What makes a good location for livestock and a good location for solar parks often overlaps. They are both tall, fairly flat, and get a lot of sun as they are devoid of tall vegetation. Solar producers are therefore increasingly leasing arable land for their operations.
The increase in solar production has environmental benefits, but it can come at the cost of lower agricultural production. That is why there is growing interest in uniting agricultural and solar production in one place. For Todd Schmit, associate professor of agriculture at Cornell University, that means bringing the sheep out.
It’s still a new field (Editor’s note: pun so unintentional Doug saw it only when I asked), but some farmers work with solar producers, with the former using the latter’s land as grazing land. The solar producers pay the farmers to bring their sheep to their farms, and the sheep eat the weeds and other plants that could grow so far that they prevent the sun from reaching the panels.
The sheep are fed, the farmers are paid, and the solar producers have their vegetation without mowers and weed killers – who sometimes struggle to reach under the panels and use fossil fuels – or manage herbicides. This industry has been expanding in New York State since 2017, so a report from the American Solar Grazing Association (ASGA). The report notes that the Empire State currently has 900 acres of solar-producing land that is being grazed. But there is still a lot of room to grow.
Not much lamb or mutton is currently produced in the US. Corresponding the USDA, more than half of this meat is imported from New Zealand and Australia. Therefore, grazing sheep alongside solar panels could be a certain growth sector – and not just for meat, as sheep also produce wool and milk. Schmit noted that while the US doesn’t currently consume much sheep meat, the domestic market is growing. Raising cattle in the US could also boost the local economy.
There are several reasons sheep are the best choice for grazing on solar farms. For one thing, they are shorter than cows and horses. They also eat most types of forage, which helps keep plant growth in check. Goats, on the other hand, chew pretty much anything that poses a certain risk on solar parks.
“Cows and horses are too big and can cause damage by rubbing against the plates,” says Schmit. “Goats will eat the wires; Sheep won’t. Imagine that. Sheep are the perfect medium for this. “
Schmit recently received $ 500,000 in funding (half from Cornell, half from USDA) over three years. The funding is intended to help expand the solar sheep practice by founding a company cooperative or a manufacturer’s own organization. The project is entitled “A New Dawn for Shepherds: Grasing Sheep Under Utility-Scale Solar Arrays”. Schmit works with various farmers, experts in the solar industry and the ASGA, a non-profit organization that connects sheep farmers with solar producers. Together they will determine what New Dawn will look like and what it will offer farmers who either want to expand their sheep production to solar farms or who want to start.
As part of the process, farmers – both current and future – are asked about their shared needs and goals, as well as their shared vision for the organization. Schmit and his team will also speak to solar producers to get a feel for what they would like to see from the organization.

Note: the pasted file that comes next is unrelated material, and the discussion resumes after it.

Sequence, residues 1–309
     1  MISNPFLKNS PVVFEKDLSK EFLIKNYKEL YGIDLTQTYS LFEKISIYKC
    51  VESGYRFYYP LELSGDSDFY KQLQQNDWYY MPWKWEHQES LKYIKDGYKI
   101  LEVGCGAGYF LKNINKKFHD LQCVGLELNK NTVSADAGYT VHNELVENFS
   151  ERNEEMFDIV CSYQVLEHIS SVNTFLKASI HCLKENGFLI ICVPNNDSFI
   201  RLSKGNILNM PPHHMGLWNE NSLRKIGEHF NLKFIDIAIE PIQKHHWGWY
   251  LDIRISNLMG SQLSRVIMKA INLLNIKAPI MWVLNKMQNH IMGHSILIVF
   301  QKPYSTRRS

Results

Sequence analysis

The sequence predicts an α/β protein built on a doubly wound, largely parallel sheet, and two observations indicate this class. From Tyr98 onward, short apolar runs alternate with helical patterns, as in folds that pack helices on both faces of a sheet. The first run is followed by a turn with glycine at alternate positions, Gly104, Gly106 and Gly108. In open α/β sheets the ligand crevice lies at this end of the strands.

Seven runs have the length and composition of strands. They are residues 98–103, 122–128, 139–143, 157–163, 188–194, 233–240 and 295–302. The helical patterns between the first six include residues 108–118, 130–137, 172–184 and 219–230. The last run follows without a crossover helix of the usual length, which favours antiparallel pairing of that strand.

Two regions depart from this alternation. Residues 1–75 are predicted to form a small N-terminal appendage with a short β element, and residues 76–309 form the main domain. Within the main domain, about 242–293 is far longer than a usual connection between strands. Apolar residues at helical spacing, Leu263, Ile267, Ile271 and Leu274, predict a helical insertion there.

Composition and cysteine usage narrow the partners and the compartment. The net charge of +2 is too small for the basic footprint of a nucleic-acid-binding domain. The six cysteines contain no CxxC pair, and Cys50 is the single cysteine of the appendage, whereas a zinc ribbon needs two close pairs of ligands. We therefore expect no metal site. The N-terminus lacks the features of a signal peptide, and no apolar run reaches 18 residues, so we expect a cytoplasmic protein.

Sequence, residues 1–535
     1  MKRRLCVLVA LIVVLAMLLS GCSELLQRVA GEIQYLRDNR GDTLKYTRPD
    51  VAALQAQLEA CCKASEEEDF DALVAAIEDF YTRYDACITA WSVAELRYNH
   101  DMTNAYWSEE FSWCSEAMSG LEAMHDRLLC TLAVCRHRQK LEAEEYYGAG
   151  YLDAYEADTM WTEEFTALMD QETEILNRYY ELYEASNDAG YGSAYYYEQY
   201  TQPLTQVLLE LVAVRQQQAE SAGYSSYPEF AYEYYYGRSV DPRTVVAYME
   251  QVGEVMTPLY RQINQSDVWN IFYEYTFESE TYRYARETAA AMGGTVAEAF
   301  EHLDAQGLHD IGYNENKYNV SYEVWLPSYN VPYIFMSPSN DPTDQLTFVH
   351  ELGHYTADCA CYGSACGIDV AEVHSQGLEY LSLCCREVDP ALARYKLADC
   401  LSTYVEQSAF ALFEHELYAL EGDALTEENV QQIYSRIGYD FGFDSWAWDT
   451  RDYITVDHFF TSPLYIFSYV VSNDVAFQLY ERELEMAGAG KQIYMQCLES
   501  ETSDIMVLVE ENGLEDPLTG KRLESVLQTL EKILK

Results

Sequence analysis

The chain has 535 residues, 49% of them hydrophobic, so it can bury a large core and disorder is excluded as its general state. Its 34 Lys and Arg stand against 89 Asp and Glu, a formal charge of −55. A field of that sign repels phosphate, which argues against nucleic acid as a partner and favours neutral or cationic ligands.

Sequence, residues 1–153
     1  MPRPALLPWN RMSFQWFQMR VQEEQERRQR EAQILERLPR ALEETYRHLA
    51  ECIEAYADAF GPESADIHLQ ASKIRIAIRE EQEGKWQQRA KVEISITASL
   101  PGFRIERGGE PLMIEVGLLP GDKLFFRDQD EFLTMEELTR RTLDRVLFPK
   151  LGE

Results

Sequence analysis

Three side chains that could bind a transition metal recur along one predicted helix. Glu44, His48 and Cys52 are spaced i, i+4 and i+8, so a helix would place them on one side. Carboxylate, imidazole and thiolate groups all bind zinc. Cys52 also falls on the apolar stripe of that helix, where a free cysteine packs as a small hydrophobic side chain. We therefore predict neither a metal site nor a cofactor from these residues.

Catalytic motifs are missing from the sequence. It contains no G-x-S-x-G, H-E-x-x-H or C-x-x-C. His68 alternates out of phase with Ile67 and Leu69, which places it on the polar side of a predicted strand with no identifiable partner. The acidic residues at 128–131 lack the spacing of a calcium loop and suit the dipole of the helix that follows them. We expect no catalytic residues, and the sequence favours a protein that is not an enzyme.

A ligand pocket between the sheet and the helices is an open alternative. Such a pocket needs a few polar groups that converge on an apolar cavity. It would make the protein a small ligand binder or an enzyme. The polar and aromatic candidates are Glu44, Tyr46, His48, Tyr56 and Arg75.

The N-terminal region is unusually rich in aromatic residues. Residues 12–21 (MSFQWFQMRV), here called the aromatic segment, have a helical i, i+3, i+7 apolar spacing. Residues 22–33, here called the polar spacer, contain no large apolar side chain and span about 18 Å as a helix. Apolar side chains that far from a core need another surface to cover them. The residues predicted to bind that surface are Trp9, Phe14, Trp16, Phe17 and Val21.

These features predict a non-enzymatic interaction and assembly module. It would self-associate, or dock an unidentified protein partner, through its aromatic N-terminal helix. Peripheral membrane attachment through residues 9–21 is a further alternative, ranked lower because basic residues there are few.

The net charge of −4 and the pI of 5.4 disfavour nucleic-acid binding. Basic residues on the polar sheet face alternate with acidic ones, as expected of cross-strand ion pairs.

What form the organization will take and what it will provide is yet to be determined. According to Schmit, solar farms would generally work with a single unit rather than multiple farms. So the organization could be a kind of contact point between them and the shepherds. It could also help the shepherds with contract negotiation, marketing, planning, deliveries, and logistics, among other things. However, it will take some time to reach consensus among farmers.
“Consensus promotes participation,” Schmit told Ars. “Consensus promotes investment. The consensus increases interest in the project. “
Do you want or not?
(Pun was entirely intentional at the time.)
Schmit added that although New Dawn is more focused on New York and the American Northeast, he and his team will throughout the process develop tools, guides, financial feasibility templates, etc. that will be used by other groups who wish to begin Similar organizations can be used elsewhere. “Ultimately, we want to be able to develop things that industries, farms, developers can use. Not everyone has to start from scratch, ”he said.
ASGA co-founder Lexie Hain said the business collaboration could potentially create biosafety logs. When sheep from different farms come together they can potentially transmit disease, which is a problem that may need to be addressed. The organization may also be able to negotiate cheaper insurance and help identify details related to transportation.
According to Hain, solar pasture is still a young field, but farmers and solar operators are increasingly interested. The ASGA was only officially founded in 2019, but had 246 members last February, made up of various experts from the solar and sheep industry. “I think there is a lot of interest in it and there is a lot of potential,” she told Ars.
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